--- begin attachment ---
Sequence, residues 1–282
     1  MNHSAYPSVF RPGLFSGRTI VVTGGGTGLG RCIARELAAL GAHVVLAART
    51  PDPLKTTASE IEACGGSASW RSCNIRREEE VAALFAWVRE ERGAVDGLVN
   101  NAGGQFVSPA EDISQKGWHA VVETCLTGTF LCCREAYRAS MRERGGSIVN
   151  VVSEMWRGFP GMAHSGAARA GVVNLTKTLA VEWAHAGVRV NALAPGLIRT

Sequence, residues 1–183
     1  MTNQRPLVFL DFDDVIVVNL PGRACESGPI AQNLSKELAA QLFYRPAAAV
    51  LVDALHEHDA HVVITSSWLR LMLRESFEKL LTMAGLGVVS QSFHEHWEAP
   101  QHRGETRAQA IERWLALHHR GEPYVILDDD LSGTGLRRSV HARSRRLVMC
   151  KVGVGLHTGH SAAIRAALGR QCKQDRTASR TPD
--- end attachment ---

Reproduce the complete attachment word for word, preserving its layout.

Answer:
Sequence, residues 1–282
     1  MNHSAYPSVF RPGLFSGRTI VVTGGGTGLG RCIARELAAL GAHVVLAART
    51  PDPLKTTASE IEACGGSASW RSCNIRREEE VAALFAWVRE ERGAVDGLVN
   101  NAGGQFVSPA EDISQKGWHA VVETCLTGTF LCCREAYRAS MRERGGSIVN
   151  VVSEMWRGFP GMAHSGAARA GVVNLTKTLA VEWAHAGVRV NALAPGLIRT

Sequence, residues 1–183
     1  MTNQRPLVFL DFDDVIVVNL PGRACESGPI AQNLSKELAA QLFYRPAAAV
    51  LVDALHEHDA HVVITSSWLR LMLRESFEKL LTMAGLGVVS QSFHEHWEAP
   101  QHRGETRAQA IERWLALHHR GEPYVILDDD LSGTGLRRSV HARSRRLVMC
   151  KVGVGLHTGH SAAIRAALGR QCKQDRTASR TPD